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Concert Review by Nick Morgan
 
THE DECEMBERISTS Royal Festival Hall, London, October 2nd 2007
The Decemberists are very clever. Front man and song writer Chris Meloy went to college and studied creative writing, and also spent a while as a drama student before turning to rock and roll. That’s probably why there is so much creativity and drama in their songs. ‘Literate’ is a word that often used to describe them, ‘idiosyncratic’ is another. So take this as an example: “she's a salty little pisser with your cock in her kisser”.
It’s from ‘The tain’, which opens tonight’s concert, and it’s okay because it’s faux sea-shantyish lyrics. You have to get used to faux, because between the creative, the dramatic, the literary and the idiosyncratic there’s a lot of faux in the Decemberists’ work. They contrive (yes – there’s a lot of that too) to inhabit a faux Victorian (or is it Edwardian?) landscape, full of mariners, murderers, mistresses, mayhem and melancholy – oh yes, and let’s not forget the whales. And more than a nod to Russian history (give or take an ‘e’), but I don’t have to explain that to you do I? If you’re reading this then you’re clever too.
Bouillabaisse It’s all jumbled together with the music, the costumes and outfits, and the neat graphics (many, if not all, by Meloy’s partner Carson Ellis) to produce a melange, or perhaps Serge, in a more maritime sense, a bouillabaisse of safely edgy nostalgia, tinged with a studied air of eccentricity. But the Decemberists are very clever. To the surprise of many they left indie label Kill All Rockstars who had nurtured their talent and signed for Capitol in 2005.
The resulting album, The Crane Wife, has been lauded by the critics – “an amazing, innovative, storytelling record”, “an impressively realized song cycle”, “bold and wondrous entertainment”. The latter was from the Guardian, and it’s a Guardianesque bookish lot in the house tonight, overwhelming the indie kids by a significant degree. But you see the Decemberists are clever. Guardian readers are clever. Clever likes clever.
Perhaps the crusty crowd are also here because the Decemberists music reminds them of some of the bands they were brought up with. Actually it is such a derivative sound that it could be almost all of the bands they were brought up with. They acknowledge a debt to British folk rockers such as Fairport Convention (oddly Meloy often sounds a bit like Fairport’s’ Chris Leslie) but if you listen to the songs carefully you’ll hear more than a little REM (very much from the Out of Time era), and the Beatles and I don’t know who else. Actually I do – ‘Perfect crime #2’ which really gets the audience into gear is straight out of the early Talking Heads oeuvre. Now I know that all bands take ideas from other artists, borrow a bit here, pay tribute there (Meloy, I think is a Morrissey fan – listen to ‘The sporting life’) but when you come away from a gig thinking mainly of all the bands that you think you might have heard in the course of a performance, rather than the one who was actually playing, then you might think things have gone a bit too far. And while we’re at it they’ve also tried unconvincingly to dress in a gothic mantle of horror and violence, with songs like ‘Culling of the fold’ – “We’ve never recorded this one because it’s way too violent”.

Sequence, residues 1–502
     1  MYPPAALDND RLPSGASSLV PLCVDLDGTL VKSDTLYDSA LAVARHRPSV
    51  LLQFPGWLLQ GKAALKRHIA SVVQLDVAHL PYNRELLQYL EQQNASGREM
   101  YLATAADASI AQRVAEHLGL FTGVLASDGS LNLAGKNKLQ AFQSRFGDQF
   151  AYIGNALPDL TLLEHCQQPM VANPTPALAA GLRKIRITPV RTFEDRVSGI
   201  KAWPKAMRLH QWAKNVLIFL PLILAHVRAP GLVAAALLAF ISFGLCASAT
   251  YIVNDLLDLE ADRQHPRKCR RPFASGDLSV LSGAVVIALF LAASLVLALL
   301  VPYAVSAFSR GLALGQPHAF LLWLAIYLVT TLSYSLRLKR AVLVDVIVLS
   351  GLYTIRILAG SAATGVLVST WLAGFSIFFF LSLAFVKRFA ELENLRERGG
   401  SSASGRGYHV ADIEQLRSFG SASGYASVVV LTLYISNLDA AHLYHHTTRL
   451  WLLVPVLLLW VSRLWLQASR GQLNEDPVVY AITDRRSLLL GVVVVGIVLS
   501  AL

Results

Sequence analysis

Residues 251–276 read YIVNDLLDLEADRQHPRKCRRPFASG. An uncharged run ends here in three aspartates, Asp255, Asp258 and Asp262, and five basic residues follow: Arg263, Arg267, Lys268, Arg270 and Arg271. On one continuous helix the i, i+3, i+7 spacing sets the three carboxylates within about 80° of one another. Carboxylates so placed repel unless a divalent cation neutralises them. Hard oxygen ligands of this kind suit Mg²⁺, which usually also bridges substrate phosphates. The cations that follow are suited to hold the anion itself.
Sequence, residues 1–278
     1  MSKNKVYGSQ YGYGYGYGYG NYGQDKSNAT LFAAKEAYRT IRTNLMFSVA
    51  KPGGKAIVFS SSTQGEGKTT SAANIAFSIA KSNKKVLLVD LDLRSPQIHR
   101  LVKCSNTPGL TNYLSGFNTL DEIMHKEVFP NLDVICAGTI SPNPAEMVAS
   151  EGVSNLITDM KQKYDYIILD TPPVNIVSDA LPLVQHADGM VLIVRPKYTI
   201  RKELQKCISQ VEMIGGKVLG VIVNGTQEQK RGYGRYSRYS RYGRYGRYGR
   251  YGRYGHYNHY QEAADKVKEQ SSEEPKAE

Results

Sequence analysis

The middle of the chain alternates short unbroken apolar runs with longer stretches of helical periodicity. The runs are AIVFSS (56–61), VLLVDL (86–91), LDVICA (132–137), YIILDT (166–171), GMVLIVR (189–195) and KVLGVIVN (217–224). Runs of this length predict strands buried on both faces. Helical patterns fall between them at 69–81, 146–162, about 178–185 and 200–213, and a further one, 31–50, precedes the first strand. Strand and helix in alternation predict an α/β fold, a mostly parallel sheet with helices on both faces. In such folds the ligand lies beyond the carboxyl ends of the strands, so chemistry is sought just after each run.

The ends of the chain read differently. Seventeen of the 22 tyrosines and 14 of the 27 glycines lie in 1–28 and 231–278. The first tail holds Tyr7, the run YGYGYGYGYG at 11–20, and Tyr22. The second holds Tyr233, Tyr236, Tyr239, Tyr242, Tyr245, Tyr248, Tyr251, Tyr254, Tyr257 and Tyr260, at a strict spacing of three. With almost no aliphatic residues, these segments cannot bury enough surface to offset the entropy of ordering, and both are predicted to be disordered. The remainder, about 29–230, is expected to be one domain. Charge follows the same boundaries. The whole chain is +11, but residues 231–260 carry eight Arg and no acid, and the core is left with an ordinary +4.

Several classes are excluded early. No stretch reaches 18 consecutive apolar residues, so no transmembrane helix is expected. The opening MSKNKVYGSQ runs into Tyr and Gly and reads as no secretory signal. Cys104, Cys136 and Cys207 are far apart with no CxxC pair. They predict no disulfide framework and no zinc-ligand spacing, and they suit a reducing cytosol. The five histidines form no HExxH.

But it’s primary school stuff (“Dash her on the paving stones, it may break your heart to break her bones, but someone’s got to do, the culling of the fold”) compared to the viciousness of the Bad Seeds’ Murder Ballads (“Well Jerry Bellows, he hugged his stool, closed his eyes and shrugged and laughed, and with an ashtray as big as a fucking really big brick I split his head in half. His blood spilled across the bar like a steaming scarlet brook”), or the darkness of someone like Johnny Dowd. As I said, it’s all a bit mixed up (like a cassoulet perhaps?) and rather faux. Cassoulet
That having been said – it is pretty good fun. The Royal Festival Hall is a hard gig to pull off and the Meloy and his colleagues seem a little overawed at the start. But their playing is excellent and Meloy makes an unlikely animated front man. Eventually, assisted by drummer John Moen, he manages to engage the audience with some entertaining participation stuff, particularly in their tour de force set-closer ‘The Mariner’s revenge song’, which, if you’re not familiar with their work, certainly captures all of the good points, if not a few of the bad as well. The big song of the night was ‘The crane wife 1 & 2’ – I suppose it’s an epic number, and irritatingly it has that magical property to send a shiver down your spine, even if you’re trying not to like it. That is quality song writing.
Wow But it was listening to it again (and ‘Praise the Infanta’) after the show that I had my true and ghastly insight about the Decemberists which will, I’m sure, endear me to no-one. Anyway – I’ll simply mention the Strawbs, and say no more. Need I say more? Except to add a throwaway conversation heard in the cloakroom at the end between some very excited yoofs. “Yeah cool man, we got the set lists”. “Awesome dude. I got a plectrum”. “Man that’s nothing – I got an earplug”.
Oh yes – and sadly I read that the band have cancelled the rest of their European tour due to illness. A great shame because they’ve clearly got many dedicated fans who’ll be upset to miss them. Get well soon. - Nick Morgan



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